Acquisition of Ingram Micro Draws Intense ScrutinyBy Mike Vizard | Posted 2016-02-19 Email Print
The proposed $6 billion acquisition of Ingram Micro by a multibillion-dollar Chinese conglomerate is starting to draw both investor and Washington scrutiny.
The IT channel in the United States just got a startling reminder of how truly global the economy has become with the acquisition of Ingram Micro by a $90 billion Chinese conglomerate. The Tianjin Tianhau Investment Co., an arm of HNA Group, a multinational company with interests in a number of shipping companies and an airline, has agreed to acquire Ingram Micro for about $6 billion in cash.
The premium of more than 30 percent based on the $4 billion valuation of Ingram Micro stock is creating speculation about the reasons the deal is even being considered in the first place. Theories span everything from macroeconomic issues—such as the need to move cash outside of China as the Yuan continues to weaken—to the amount of capital global distributors will actually need to provide value-added services in the age of the cloud.
While the deal is not expected to close until the second half of 2016, the value of Ingram stock already rose 22 percent in value this week in the wake of the deal’s announcement. Morgan Stanley, which advised Ingram Micro on the deal, says it makes sense because it creates new distribution opportunities in emerging markets, and, in addition, Ingram Micro and its partners should benefit from the global logistics capabilities that HNA can bring to bear.
More specifics concerning the deal are awaiting the filing of a 10K statement with the U.S. government that is expected in the next few weeks. In the meantime, the fact that one of the largest distributors in the IT industry is being acquired has sparked questions concerning the future of rival distributors such as Tech Data.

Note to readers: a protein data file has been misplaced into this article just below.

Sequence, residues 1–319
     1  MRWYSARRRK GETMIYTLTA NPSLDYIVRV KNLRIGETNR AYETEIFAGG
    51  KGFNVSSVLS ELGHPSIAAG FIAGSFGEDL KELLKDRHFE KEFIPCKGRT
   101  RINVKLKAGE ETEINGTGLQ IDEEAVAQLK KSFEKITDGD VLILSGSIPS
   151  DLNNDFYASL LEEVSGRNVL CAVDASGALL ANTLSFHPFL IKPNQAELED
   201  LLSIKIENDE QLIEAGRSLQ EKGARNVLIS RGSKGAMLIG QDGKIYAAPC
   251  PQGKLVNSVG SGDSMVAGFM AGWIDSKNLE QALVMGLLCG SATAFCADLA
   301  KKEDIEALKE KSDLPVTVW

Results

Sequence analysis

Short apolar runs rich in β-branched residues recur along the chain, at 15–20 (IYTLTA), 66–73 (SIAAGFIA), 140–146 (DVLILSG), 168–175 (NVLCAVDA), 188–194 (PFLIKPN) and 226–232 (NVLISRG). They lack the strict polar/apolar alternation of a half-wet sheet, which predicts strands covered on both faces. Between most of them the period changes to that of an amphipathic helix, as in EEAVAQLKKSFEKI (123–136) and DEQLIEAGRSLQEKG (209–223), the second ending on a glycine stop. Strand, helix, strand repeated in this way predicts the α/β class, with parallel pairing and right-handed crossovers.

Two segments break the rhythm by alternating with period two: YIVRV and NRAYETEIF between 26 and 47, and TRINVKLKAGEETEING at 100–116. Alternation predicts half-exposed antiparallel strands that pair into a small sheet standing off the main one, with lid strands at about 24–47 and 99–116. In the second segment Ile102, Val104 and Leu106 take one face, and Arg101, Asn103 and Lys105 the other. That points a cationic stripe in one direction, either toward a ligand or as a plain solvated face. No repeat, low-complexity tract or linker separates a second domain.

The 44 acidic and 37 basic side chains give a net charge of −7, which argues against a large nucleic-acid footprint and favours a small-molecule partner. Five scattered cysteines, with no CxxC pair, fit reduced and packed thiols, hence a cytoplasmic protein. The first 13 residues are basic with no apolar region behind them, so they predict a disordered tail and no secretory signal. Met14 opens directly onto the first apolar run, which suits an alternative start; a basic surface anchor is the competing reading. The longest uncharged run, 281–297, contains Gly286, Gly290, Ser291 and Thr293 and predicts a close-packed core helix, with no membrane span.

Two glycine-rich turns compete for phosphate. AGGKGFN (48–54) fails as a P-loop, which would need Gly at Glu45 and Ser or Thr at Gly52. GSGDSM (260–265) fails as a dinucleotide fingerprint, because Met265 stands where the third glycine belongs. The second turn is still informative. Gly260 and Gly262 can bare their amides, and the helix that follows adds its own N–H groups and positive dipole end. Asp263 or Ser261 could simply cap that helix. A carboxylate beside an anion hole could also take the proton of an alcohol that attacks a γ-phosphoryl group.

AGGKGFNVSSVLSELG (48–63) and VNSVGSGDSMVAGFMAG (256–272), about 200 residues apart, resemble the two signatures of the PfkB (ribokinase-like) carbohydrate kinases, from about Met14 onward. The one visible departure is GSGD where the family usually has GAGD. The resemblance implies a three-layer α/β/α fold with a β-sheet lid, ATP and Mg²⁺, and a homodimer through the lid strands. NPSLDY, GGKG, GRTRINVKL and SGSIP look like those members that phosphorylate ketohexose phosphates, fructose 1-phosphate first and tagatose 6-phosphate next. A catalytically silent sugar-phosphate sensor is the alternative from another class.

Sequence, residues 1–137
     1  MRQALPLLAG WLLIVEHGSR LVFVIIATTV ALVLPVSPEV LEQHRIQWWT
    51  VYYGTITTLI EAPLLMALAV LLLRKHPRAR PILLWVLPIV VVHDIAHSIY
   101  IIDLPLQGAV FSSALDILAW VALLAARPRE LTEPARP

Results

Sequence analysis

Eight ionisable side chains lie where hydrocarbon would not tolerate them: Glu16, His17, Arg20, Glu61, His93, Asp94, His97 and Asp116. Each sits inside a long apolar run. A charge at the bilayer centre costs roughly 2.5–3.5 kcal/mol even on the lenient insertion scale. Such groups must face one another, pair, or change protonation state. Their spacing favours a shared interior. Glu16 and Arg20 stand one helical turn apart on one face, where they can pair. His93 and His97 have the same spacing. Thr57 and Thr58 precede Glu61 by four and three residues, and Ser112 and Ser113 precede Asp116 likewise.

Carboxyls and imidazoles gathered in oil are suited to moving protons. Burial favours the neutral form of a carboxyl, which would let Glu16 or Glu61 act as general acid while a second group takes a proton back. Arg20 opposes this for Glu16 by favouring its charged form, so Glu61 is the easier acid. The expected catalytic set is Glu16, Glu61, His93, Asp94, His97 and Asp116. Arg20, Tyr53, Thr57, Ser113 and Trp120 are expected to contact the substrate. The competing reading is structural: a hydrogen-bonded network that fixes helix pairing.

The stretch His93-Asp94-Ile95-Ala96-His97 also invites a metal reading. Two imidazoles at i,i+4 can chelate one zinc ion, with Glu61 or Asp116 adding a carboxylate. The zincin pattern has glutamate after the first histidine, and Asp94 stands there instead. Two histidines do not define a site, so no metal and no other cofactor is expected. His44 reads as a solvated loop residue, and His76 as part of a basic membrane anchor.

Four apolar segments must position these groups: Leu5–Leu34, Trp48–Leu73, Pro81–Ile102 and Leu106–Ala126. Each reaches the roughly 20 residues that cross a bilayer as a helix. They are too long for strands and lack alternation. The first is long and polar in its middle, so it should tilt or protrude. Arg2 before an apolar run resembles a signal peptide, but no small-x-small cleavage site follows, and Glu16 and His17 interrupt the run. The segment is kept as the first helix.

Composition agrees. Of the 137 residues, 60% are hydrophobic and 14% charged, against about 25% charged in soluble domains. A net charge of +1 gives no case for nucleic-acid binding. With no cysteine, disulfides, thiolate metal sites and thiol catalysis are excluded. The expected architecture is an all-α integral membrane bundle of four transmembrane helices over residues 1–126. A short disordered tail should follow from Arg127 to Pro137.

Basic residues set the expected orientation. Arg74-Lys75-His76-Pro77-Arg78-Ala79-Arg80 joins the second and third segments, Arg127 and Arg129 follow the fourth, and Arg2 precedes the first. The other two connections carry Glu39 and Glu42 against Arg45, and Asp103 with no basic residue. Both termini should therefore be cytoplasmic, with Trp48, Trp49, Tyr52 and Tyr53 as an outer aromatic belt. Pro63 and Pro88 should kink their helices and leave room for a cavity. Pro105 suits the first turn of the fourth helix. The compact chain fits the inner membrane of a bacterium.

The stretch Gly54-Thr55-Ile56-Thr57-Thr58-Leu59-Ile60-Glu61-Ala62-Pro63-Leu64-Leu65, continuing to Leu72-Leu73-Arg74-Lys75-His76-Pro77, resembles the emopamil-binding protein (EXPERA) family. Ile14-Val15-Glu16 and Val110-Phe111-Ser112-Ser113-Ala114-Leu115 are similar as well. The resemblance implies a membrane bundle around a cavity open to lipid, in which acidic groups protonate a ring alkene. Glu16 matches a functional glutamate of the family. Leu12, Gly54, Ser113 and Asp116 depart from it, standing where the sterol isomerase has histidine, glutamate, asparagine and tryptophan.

The challenge that many of them now face is that in the age of the cloud, they have to make major investments in advance of revenues that now materialize over multiple-year contracts. The ultimate impact that shift has on the balance sheets of both distributors and their partners will no doubt affect their ultimate valuation.
“For the first time, distributors are being asked to invest in advance of revenues,” notes Darren Bibby, an industry analyst with International Data Corp (IDC). “At the same time, there’s also a lot more interest in China about finding ways to move cash out of the country.”
Under terms of the deal, Ingram Micro’s stock will no longer be publicly traded in the United States, which should give the distributor leeway to make more long-term investment decisions.
The irony of the situation, of course, is the more infrastructure and applications that move into the cloud, the less compelling logistics synergies become because the number of things that need to be physically shipped declines. Longer term, distributors could generate much higher margin revenue selling cloud services via the channel, but the level of investment required to provide those services on a global scale is considerable.